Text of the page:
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The final report on the Whyalla Airlines Piper Chieftain VH-MZK accident on 31 May 2000, in which all eight occupants died, was released today by the Australian Transport Safety Bureau.

ATSB Executive Director, Kym Bills, made the following statement: "The VH-MZK accident occurred after mechanical failures involving both engines forced the pilot to ditch the aircraft in Spencer Gulf, about 26km from Whyalla, on a dark, cloudy and moonless night.

Based on careful analysis of the engine failures and recorded radar and audio data, it is likely that the left engine failed first as a result of a fatigue crack in the crankshaft. This was initiated about 50 flights before the accident flight due to the breakdown of a connecting rod bearing insert. The combined effects of high combustion gas pressures developed as a result of deposit-induced pre-ignition, and lowered bearing insert retention forces due to an 'anti-galling' lubricating compound used during engine assembly by the manufacturer, led to this breakdown.

Lean fuel practices used by the operator increased the likelihood of lead oxybromide deposit-induced pre-ignition but were within the engine operating limits set by the aircraft manufacturer.

It is likely that because of the increased power demanded of the right engine after the left engine failed, abnormal combustion (detonation) occurred and rapidly raised the temperature of the pistons and cylinder heads. As a result, a hole melted in the number 6 piston causing loss of engine power and erratic engine operation. The subsequent ditching involved great pilot skill.

The ATSB examined components from a further ten similar engines that have failed since January 2000 (including two engines from another manufacturer) in order to better understand the failure mechanisms. Combustion chamber deposits that may create lead oxybromide deposit-induced pre-ignition were found in these engines. The Bureau concluded that engines that were operated at lean fuel-air mixtures during climb, and towards best economy mixtures during cruise flight, were more likely to show signs of such deposit-induced pre-ignition than those engines operated at full rich mixture during climb and at best power mixture during cruise.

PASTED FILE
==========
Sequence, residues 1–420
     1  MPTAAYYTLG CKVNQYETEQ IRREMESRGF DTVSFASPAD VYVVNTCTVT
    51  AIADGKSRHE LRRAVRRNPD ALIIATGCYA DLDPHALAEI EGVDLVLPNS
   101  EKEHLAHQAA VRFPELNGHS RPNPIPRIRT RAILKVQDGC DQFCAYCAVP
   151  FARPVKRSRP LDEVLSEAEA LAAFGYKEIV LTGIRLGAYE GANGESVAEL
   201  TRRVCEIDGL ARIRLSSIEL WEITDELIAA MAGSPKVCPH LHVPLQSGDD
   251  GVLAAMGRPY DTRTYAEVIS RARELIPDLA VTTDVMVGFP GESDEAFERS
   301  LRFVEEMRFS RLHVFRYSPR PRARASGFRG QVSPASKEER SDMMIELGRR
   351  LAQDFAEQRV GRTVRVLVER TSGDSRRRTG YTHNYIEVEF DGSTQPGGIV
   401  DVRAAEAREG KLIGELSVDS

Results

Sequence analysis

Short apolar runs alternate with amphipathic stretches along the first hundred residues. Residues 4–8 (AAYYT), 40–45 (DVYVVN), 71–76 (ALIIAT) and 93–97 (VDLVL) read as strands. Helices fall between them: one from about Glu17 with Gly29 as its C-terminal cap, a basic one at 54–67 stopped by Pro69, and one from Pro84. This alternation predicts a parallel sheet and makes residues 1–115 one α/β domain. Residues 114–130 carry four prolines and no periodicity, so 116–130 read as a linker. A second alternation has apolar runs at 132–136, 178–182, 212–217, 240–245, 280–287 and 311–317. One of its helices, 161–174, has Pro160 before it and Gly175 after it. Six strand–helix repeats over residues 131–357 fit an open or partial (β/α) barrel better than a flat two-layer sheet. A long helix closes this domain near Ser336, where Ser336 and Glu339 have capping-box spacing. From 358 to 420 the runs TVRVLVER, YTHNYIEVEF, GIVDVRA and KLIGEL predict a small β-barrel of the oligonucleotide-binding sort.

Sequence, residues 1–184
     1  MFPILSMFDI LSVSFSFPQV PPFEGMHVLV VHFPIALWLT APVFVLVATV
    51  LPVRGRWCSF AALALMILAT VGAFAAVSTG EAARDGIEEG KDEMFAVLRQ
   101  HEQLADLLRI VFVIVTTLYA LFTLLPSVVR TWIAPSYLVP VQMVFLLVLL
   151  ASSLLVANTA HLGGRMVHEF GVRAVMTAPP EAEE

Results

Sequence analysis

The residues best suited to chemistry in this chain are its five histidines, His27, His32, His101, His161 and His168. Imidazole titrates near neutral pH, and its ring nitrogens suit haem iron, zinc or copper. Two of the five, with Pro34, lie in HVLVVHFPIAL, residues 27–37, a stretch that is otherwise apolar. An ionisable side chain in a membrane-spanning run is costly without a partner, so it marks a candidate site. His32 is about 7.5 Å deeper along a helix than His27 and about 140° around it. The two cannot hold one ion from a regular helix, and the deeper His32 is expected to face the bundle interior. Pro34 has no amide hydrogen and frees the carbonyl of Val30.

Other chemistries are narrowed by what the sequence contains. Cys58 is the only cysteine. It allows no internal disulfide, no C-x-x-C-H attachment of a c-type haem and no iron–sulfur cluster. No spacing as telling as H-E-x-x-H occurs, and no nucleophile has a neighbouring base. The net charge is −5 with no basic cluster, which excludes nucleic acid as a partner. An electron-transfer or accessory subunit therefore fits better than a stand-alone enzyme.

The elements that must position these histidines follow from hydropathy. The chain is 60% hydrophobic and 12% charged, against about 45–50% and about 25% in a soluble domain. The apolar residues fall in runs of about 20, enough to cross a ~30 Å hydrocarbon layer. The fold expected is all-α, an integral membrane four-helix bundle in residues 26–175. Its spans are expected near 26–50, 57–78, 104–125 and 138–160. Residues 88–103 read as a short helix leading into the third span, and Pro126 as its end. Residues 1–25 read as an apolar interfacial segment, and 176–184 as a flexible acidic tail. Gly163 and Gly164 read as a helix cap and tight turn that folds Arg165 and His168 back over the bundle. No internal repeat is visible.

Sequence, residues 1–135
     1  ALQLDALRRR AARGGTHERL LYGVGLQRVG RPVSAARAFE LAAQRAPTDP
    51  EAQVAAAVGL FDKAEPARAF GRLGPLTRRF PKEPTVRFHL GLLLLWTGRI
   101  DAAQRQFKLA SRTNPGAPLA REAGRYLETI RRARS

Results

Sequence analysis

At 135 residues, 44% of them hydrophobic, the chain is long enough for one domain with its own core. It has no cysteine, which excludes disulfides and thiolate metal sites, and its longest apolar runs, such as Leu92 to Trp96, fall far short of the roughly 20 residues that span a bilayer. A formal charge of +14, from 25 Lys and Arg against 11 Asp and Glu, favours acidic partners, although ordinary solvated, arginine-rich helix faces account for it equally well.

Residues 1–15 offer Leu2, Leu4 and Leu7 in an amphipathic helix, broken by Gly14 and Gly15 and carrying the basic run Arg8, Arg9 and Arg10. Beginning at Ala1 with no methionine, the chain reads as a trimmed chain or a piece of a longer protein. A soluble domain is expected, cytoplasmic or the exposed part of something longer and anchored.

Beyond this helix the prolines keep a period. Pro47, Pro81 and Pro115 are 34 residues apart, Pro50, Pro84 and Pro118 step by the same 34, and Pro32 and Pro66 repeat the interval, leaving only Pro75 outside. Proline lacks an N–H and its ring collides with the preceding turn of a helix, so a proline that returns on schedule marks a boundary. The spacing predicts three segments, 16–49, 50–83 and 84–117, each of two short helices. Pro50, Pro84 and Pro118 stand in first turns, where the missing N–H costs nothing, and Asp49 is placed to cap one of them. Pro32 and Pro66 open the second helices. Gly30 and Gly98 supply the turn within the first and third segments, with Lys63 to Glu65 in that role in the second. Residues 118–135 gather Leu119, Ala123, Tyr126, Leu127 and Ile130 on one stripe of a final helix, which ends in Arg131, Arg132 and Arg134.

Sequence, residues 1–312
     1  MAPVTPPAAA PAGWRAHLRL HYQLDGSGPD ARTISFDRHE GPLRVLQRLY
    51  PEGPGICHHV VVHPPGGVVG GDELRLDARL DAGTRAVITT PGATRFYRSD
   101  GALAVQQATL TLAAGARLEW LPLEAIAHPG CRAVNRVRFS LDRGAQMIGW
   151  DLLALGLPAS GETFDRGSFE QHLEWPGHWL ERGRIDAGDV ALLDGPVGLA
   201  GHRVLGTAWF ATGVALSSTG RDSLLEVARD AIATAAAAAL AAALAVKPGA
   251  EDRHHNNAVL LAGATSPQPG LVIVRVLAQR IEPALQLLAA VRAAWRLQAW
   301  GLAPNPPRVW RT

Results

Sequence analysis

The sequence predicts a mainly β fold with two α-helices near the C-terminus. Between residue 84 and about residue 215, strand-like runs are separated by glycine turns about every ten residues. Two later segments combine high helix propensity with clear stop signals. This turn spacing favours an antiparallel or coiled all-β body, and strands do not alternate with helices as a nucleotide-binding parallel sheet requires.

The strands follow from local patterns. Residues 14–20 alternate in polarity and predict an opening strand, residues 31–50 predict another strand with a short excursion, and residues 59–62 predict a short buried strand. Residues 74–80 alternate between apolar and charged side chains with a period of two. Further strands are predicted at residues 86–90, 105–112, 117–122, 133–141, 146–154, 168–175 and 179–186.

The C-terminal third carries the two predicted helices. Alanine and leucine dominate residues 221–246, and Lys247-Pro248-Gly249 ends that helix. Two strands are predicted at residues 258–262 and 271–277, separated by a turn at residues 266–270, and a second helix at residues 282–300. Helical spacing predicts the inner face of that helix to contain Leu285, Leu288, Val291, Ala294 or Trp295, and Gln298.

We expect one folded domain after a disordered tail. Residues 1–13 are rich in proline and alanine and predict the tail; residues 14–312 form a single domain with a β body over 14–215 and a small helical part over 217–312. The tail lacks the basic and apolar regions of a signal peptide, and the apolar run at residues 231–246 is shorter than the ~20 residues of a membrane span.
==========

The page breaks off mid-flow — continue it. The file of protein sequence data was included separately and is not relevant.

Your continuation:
On 30 October 2000 ATSB released recommendations about the risks of detonation and lean running and in relation to the desirability of life jackets and other life-saving equipment on smaller passenger aircraft flying over water. Today, we release further recommendations to:

  • the US FAA in relation to engine deposits that may cause pre-ignition;
  • the US FAA and the engine manufacturer on the use of anti-galling compounds between connecting rod bearing inserts and housings during engine assembly;
  • CASA in relation to high power piston engine reliability more generally; and
  • CASA in relation to providing guidance to pilots on ditching.

While there were deficiencies with the Whyalla Airlines safety culture and gaps with the extent of the regulator's surveillance of the operator, neither were significant accident factors.

No-one should be blamed for this accident, but if the lessons from it are learned, both in Australia and internationally, some good will have come from the tragic deaths of eight people."

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Last update 01 April 2011